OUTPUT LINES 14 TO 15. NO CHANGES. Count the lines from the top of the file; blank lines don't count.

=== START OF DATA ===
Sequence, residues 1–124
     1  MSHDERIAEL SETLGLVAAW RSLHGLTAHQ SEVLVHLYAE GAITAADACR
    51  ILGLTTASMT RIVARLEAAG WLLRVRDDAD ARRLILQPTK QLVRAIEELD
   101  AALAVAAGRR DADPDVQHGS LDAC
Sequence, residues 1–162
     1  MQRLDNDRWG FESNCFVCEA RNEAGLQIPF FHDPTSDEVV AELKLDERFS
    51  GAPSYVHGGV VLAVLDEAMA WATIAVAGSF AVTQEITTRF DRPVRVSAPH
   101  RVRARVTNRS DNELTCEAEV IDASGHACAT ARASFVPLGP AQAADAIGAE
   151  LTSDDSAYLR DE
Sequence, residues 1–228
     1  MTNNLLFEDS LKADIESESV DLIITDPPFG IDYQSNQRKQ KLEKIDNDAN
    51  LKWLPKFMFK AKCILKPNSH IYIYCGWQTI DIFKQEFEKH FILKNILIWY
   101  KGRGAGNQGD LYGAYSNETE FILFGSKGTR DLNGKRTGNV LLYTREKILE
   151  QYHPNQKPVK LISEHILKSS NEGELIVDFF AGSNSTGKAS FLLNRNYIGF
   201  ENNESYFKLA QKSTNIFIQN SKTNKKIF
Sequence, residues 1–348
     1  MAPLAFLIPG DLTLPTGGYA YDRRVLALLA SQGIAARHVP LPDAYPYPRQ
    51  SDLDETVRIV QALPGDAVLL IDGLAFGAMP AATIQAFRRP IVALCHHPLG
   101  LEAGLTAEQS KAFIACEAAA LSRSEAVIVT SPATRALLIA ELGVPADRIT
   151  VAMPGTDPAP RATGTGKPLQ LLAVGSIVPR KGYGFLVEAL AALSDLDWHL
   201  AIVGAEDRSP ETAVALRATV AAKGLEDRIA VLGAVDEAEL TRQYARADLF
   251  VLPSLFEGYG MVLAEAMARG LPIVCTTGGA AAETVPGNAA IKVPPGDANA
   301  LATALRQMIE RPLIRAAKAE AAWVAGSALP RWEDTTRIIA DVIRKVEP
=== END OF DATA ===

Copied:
   151  QYHPNQKPVK LISEHILKSS NEGELIVDFF AGSNSTGKAS FLLNRNYIGF
   201  ENNESYFKLA QKSTNIFIQN SKTNKKIF